Thursday night, head coach Tim Carter waswatching a video collage of last season.

   He saw the team’s star player, LeRoyHurd, speaking at the press conference after UTSA’s NCAATournament opponent was announced.

   As Hurd spoke  to the cameras about theseason, about the program, and about his teammates, he got chokedup and tears formed in his eyes.

   “That right there is what it’s allabout,” Carter said. “He really sold out to theprogram, and he took this team to the tournament.”

   Carter is hoping this year’s team isjust as passionate.

   Saturday afternoon, the long road back to thetourney officially began as all college teams held their firstofficial practice of the season.

   “It was a good day,” said Carter,who is in his tenth season as UTSA’s head coach. “Allof the upperclassmen did a good job of helping out the newguys.”

   Sophomore guard Kurt Attaway saidthere’s a new intensity there because of their toughnon-conference schedule.

   “We have some tough games early; we knowevery single practice is very, very important,” said Attaway,last season’s Southland Conference (SLC) Freshman of theYear.

   UTSA’s 19-14 record last season endedwith the players cutting down the nets after the  (SLC)Championship game. It was the third time UTSA advanced to the NCAATournament, two of them coming in the past five years.     

   However, history is not on UTSA’s side.The team has never made it to the NCAA Tournament in back-to-backyears.

   The players are hoping history won’trepeat itself.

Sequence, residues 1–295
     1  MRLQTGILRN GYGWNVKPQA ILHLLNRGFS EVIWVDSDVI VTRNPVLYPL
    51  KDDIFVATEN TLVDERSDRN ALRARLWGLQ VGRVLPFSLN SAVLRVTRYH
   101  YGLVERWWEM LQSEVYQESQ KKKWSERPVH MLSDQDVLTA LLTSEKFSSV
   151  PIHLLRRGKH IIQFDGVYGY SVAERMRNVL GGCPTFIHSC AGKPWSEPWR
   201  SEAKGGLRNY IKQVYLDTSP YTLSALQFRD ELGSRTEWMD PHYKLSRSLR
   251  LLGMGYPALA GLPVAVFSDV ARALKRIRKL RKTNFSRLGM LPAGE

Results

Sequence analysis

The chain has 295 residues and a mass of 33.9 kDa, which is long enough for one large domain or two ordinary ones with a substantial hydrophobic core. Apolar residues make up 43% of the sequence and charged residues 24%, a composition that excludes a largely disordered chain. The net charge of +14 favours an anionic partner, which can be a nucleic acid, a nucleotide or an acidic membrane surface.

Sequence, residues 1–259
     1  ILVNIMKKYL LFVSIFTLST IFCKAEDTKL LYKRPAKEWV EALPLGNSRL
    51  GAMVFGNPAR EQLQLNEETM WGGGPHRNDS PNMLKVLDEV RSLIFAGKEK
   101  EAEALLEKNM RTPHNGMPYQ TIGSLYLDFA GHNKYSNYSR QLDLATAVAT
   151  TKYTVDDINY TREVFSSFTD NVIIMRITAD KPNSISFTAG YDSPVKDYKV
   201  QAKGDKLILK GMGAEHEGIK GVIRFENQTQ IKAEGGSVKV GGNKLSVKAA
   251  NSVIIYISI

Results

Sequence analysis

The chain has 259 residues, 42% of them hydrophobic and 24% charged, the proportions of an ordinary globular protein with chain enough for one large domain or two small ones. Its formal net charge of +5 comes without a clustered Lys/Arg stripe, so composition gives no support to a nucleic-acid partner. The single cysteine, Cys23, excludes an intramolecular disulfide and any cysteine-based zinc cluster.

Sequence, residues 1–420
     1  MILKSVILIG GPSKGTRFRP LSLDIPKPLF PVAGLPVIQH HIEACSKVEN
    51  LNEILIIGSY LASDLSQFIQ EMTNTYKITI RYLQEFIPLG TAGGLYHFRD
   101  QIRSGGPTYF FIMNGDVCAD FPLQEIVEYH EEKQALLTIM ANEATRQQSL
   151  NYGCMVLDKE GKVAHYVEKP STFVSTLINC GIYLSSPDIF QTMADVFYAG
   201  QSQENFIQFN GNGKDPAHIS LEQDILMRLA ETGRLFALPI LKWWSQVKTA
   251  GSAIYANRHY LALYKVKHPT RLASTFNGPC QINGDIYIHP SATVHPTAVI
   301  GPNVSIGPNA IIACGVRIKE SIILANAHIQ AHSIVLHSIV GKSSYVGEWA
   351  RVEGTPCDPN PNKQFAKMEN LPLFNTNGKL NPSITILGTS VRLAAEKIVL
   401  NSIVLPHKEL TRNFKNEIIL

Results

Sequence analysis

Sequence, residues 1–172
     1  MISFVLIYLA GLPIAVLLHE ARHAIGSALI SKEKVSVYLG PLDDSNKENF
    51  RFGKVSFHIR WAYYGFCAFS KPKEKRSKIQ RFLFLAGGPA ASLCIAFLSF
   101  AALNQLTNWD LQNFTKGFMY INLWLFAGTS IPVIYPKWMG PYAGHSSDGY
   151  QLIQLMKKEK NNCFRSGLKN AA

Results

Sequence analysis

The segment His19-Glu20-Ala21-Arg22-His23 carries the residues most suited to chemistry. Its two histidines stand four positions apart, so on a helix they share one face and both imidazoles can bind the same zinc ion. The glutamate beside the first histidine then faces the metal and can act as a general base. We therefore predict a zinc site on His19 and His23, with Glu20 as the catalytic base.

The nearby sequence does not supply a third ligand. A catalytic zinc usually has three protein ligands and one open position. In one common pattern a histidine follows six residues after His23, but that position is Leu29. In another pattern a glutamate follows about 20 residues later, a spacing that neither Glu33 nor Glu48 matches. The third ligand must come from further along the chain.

“We know it’s going to be 10-20times harder than it was last year, but we also think we’rehungrier now,” said Attaway, who started all 33 games,averaging 7.4 points per game.

   After the loss to Stanford in the first roundof the tourney last year, it left the team with a bitter taste intheir mouth. After the game, Hurd said the team set their goals toolow. Instead of just making it to the tournament, he said theirgoal should have been to make it to the tournament and win agame.

   This year’s team ensured that highergoals were set.

   “Our ultimate goal is to win a game inthe tournament, but we understand there are other things we have todo before we get there,” Attaway said. “We have tohonestly take it one game at a time, and act like we’replaying 27 different seasons.”

   However, UTSA lost LeRoy “Duke”Hurd, the best player in the Southland Conference, to graduation.He led UTSA in scoring 21 times and led them in rebounding 18. Hisleague-high 19.4 points per game will be hard to replace.

   “You can never just fill in another guyfor Duke,”Carter said. “You just have to compensate forit.”

   Current San AntonioSpur Devin Brown played hisfinal season for UTSA three years ago. Following Brown’sdeparture, the team crumbled, something Carter doesn’t seehappening again.

   “That team just wasn’t very good.This team has more talent and the chemistry is there,” Cartersaid.

   This year’s team does have returnersthat played solid minutes last season, including David President,the team’s most experienced player who has started 65 gamesfor UTSA.

   “I think you’ll see more of a teamgame,”Attaway said. “Last year, you knew Duke was goingto score, but now they won’t know who it will comefrom.”

   The Roadrunners might not know who will givethem the points, either.

   The top returning point scorer is seniorRapheal Posey, who averaged 11.4 points per game.  He becamethe team’s sixth man, coming off the bench to spark theteam’s sometimes stagnant offense.

   Because of their finish last year, the teamknows they will have a target on their back throughout theseason.

   “We already had a talk with the playersabout them being targets,”Carter said. “Hopefully, itwill motivate them.”

   UTSA will play a 27-game schedule that startswith a four-game homestand and includes games against Texas, KansasState, Wichita State, New Mexico State and Louisiana Tech.

 

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